In a recent study led by Jorge Chavarro, of the Harvard School of Public Health has suggested that men with prostate cancer who engage in a diet which is high in fat are at a significantly much higher risk of dying from the disease. His team followed nearly a thousand U.S. doctors over the course of fourteen years and who had been diagnosed with prostate cancer. Chavarro’s research group surveyed the men’s dietary patterns to determine if participants ate a “Western” diet which is characterized as being high in red meat, high-fat dairy products, sugary foods and “refined” grains or if they ate a healthy diet which consists of fruit, vegetables, legumes (beans, peanuts, lentils), whole grains and fish.
While the study was unable to demonstrate cause-and-effect, researchers found that men who scored highest in relation to their Western diet were found to be 2.5 times more likely to die from prostate cancer. While 67% of those would die from another health related cause, than those who scored the lowest in the study. Interestingly, men who scored highest in regards to their healthier eating habits were found to be 36% percent less inclined to die from any number of health related issues than those individuals who scored the lowest. Of the study’s findings Chavarro stated:
“There is currently very little evidence to counsel men living with prostate cancer on how they can modify their lifestyle to improve survival. Our results suggest that a heart-healthy diet may benefit these men by specifically reducing their chances of dying of prostate cancer.”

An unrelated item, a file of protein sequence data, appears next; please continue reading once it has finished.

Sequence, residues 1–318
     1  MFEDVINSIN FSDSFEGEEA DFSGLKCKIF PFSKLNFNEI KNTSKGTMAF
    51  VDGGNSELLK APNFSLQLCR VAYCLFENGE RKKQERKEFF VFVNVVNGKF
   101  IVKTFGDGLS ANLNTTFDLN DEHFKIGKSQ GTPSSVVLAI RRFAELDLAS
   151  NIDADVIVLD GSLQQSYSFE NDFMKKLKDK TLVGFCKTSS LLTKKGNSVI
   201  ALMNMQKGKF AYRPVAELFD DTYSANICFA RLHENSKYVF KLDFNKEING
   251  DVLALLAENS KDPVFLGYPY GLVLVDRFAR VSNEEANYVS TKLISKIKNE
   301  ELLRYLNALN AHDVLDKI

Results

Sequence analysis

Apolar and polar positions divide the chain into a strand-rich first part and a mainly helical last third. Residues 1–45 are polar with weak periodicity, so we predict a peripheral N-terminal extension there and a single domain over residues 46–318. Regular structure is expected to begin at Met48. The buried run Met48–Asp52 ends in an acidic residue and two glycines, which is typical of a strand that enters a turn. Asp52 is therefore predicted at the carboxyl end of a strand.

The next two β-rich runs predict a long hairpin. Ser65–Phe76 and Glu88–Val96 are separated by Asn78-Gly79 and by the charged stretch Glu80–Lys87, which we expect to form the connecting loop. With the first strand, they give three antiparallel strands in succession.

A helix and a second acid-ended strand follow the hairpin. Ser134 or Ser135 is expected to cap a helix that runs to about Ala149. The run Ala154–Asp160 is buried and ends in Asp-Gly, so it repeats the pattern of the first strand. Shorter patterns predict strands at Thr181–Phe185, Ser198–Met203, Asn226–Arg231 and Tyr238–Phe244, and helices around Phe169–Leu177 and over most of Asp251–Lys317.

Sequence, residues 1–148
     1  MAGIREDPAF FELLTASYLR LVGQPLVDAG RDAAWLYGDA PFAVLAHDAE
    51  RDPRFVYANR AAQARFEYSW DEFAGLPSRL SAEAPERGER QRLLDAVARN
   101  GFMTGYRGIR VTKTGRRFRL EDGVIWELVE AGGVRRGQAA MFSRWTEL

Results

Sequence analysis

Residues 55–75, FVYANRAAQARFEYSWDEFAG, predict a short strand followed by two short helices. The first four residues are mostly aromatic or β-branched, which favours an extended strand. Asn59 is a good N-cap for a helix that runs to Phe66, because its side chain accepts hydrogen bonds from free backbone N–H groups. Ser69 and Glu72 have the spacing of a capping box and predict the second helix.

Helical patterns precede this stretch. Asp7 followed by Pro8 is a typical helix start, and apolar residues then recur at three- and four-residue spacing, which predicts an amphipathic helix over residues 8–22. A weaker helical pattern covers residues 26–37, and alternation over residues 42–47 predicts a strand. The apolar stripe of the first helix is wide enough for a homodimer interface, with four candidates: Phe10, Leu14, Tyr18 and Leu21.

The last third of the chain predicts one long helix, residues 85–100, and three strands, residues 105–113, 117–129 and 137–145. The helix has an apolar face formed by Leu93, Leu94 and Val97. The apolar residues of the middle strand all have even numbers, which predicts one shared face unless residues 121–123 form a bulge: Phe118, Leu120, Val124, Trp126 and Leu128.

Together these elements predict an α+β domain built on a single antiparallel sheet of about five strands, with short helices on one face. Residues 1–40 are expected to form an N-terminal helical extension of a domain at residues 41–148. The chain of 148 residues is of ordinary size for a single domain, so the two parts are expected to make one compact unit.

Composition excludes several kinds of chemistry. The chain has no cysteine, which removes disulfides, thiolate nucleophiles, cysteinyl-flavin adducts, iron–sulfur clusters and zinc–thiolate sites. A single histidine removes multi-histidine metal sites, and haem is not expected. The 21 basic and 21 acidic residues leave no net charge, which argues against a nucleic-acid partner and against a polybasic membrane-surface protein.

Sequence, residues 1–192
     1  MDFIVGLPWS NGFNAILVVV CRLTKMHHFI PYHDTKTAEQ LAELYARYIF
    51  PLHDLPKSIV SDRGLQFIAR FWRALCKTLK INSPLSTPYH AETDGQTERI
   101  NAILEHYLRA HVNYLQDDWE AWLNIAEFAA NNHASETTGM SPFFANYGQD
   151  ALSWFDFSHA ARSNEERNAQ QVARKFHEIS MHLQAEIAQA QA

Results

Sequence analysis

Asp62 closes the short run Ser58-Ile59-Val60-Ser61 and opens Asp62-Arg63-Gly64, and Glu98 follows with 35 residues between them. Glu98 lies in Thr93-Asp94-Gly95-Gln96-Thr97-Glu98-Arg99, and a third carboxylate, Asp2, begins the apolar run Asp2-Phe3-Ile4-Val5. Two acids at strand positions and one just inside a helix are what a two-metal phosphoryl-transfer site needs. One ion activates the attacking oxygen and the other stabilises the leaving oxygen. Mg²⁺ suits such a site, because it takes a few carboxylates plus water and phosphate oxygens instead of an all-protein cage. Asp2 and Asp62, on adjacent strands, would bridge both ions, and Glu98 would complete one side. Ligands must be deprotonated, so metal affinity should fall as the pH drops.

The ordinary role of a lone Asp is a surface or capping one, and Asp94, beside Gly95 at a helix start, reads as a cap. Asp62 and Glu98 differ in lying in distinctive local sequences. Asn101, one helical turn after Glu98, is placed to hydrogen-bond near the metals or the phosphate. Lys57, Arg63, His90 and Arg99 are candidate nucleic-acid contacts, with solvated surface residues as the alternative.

Researchers also emphasized that the majority of the men involved in the study were Caucasian and that their results may have differed if the study had involved men of different races. Dr. Michael Schwartz, a urologist at the Arthur Smith Institute for Urology expanded further into why the “Western” diet has developed its awful reputation:
“Diets high in animal fat and low in fiber are associated with metabolic syndrome — a collection of conditions including abdominal obesity, elevated blood sugar levels and high blood pressure. It has been known for some time that this type of diet can elevate risk of diabetes, heart attack, stroke and various cancers.”
A good nutritional suggestion for men looking to change their eating habits are the Japanese and Southern Mediterranean diets. These particular diets have been associated in reducing a man’s risk of developing prostate cancer and both are low in red meat which is a staple of the “Western” diet. The Japanese diet consists of foods such as fish, vegetables, soy, green tea and is low in fat and calories. The Southern Mediterranean diet is consisted of fresh fruits, vegetables, red wine, fish and olive oil. Before deciding on changing your diet be sure to consult your doctor first and that you understand what your options are. In the meantime however why don’t you try trading that T-bone steak for the salmon instead. It could be more important than you think.